I think certain things like the atom bomb created a new archetype, and we saw how that appeared in fiction, and in pop culture. So yeah, there’s probably the potential for new technologies and new ideas to create their own archetypes, but I honestly think the human personality hasn’t changed much over our entire span of time. I know I live in the 21st century, so I have no idea what people felt like in the 1300s!
But that’s kind of my take on it, right or wrong, I kind of think we do go back to the same well often, because I think these are the characteristics we recognize in ourselves and others as being kind of universal.

AR | Are there types that you wish you’d been able to write so far that you haven’t? Or that you’re interested in?

GM | I guess as a writer you’re often drawn to characters like Nomax the rebel, because a lot of writers like to self-imagine themselves as rebels against society when in fact most of the time we’re just part of society. I’ve kind of tried to write about characters that I felt at least some connection with, but I think through my life I’ve always written about people who are slightly at right angles to society, and maybe that’s just... maybe I need to write more about kings and queens and dukes.

AR | You were talking about Annihilator and darkness and this being a place that we are culturally right now. Do you think there’s something that follows that, something that we’re going to be moving into?

It’s hard to say, because we seem to be very enamored by darkness. Things just keep coming out like True Detective, which came out earlier in the year and was really talking about darkness and nihilism, and that obviously was inspired by a lot of the same books I read when I was working on Annihilator. But that was a great show and it really seemed timely and important and modern. I think whether it’s created by the media — because really as we know, most people are living better lives now than they have at any time in history, most people are safer, especially in the Western world, the child mortality rate has gone down, the chance of dying has lessened — so we actually live in a much better world, but our entertainment seems really very interested in the dark areas of experience. It goes all the way from the zombies to the obsession with war and violence that we have. I don’t know if it’s just because we’re so comfortable we can afford to play with these things, or if there is just something wrong with humanity.

AR | Besides True Detective, what are you looking at right now in terms of contemporary artists, authors, etc.?

GM | Not an awful lot of stuff. I tend to just lock myself away and work. But again a lot of stuff kind of relates to what I’m doing. I picked up a book quite recently called Luminarium by Alex Shakar, an author, and it just seemed to be talking about the same stuff that I’m talking about in Annihilator. It’s all about the abyss at the center of our lives that we try to forget about and we make stories about and we orbit around. So I’m just… I’ve been reading a lot of that, and then nihilism, like Raymond Brassier, the nihilist philosopher, and Thomas Ligotti, because I really wanted to get down into the dark areas of human experience.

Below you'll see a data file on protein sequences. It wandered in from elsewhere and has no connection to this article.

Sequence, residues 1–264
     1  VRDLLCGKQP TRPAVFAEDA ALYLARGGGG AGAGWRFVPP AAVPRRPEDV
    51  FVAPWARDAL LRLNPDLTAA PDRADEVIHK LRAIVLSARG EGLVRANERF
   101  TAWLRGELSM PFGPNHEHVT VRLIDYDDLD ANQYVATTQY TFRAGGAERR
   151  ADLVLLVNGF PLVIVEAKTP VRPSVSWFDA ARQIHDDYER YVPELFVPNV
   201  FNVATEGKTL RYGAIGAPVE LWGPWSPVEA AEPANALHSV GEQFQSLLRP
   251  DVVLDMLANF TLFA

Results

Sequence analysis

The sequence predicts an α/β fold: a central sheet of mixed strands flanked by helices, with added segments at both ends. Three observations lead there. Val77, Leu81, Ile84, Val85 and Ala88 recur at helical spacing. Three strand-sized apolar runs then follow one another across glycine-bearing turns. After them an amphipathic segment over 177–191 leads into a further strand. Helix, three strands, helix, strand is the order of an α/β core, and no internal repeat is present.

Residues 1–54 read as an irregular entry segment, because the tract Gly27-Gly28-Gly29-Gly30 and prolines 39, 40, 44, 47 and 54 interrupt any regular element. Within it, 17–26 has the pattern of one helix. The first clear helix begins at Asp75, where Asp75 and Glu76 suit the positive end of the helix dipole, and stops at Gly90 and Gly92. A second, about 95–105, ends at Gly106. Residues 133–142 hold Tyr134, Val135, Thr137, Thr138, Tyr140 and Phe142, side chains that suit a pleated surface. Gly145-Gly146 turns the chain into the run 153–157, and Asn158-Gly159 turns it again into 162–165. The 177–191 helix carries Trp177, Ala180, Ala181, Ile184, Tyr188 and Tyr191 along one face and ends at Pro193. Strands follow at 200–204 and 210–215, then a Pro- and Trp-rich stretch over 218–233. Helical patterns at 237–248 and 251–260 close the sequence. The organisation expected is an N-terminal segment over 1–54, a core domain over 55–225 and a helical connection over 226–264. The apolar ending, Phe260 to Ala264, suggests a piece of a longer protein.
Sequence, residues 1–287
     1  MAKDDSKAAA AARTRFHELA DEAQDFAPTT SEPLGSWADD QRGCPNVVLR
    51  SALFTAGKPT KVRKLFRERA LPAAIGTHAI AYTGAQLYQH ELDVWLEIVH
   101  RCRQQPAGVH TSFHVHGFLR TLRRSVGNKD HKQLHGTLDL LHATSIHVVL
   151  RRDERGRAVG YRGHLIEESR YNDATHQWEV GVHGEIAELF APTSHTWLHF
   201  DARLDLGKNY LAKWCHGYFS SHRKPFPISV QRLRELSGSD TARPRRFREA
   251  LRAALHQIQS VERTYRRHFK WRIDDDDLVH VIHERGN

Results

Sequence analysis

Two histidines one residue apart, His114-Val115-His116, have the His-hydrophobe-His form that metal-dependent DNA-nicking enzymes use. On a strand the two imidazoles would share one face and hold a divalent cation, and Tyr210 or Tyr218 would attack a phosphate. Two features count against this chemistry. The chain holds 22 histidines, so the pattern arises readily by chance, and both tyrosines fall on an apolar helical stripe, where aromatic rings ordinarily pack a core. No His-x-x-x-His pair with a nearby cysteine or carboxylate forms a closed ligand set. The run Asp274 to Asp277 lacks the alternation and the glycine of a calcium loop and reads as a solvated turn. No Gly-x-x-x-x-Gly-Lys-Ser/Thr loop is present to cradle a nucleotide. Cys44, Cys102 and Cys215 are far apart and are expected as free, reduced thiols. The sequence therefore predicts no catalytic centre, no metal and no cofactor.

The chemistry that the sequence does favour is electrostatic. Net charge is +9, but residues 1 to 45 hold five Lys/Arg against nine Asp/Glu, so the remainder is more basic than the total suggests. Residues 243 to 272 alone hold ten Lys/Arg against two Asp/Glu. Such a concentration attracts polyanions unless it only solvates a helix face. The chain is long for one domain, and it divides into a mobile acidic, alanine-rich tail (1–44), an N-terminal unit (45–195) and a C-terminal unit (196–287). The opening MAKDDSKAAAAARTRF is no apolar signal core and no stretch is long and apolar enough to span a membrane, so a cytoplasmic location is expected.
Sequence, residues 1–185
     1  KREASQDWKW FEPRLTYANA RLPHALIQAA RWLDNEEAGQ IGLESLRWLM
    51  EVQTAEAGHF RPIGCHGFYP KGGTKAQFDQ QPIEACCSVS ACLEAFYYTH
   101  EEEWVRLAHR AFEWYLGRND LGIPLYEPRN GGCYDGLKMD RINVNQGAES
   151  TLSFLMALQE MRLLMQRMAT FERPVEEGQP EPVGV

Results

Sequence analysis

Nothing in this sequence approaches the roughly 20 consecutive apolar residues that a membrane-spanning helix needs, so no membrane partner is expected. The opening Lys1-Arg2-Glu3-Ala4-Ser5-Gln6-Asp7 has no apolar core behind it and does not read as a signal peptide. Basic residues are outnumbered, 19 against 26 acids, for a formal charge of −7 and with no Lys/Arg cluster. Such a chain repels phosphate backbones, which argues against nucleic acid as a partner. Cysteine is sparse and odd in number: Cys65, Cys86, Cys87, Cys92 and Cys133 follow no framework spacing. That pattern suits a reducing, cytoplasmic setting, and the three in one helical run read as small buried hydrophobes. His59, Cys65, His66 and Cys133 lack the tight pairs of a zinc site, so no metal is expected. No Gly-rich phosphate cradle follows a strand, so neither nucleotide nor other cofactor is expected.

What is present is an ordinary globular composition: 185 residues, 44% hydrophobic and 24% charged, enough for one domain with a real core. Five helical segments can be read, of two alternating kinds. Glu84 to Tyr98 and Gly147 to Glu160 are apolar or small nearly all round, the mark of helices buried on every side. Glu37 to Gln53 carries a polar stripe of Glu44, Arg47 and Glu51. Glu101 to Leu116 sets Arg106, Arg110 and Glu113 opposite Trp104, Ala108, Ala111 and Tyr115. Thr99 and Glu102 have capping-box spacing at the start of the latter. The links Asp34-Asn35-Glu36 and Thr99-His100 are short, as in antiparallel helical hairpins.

AR | If it doesn’t sound too grandiose, what kind of stuff do you think people are going to be mining your work for, and everybody else’s work for, in 40 years? The way that we’re looking back at things from the mid-20th century and reinterpreting them?

GM | I don’t know. I think honestly it will just be more Batman. I think a lot of us will be forgotten in 40 years. I really don’t expect — my work is talking about the world I’m in, with the people that I live in the world with right now, so I never think about the future. I honestly think I’ll be forgotten in two generations, and what will be there is Sherlock Holmes and all the stuff that we’re kind of fascinated with, unless people break out of their nervous fear of the future and start to innovate again. Right now it seems like everybody’d kind of rather look backwards than forwards, because forwards seems a bit scary.


Artistas convidados: Frank Miller, George Herriman, Grant Morrison, Katsuhiro Otomo, Max Andersson, Moebius, Neil Gaiman, Paul Kirchner, Robert Crumb, Tsuge Yoshiharu

Agulha Revista de Cultura
Número 140 | Agosto de 2019
editor geral | FLORIANO MARTINS | floriano.agulha@gmail.com
editor assistente | MÁRCIO SIMÕES | mxsimoes@hotmail.com
logo & design | FLORIANO MARTINS
revisão de textos & difusão | FLORIANO MARTINS | MÁRCIO SIMÕES
ARC Edições © 2019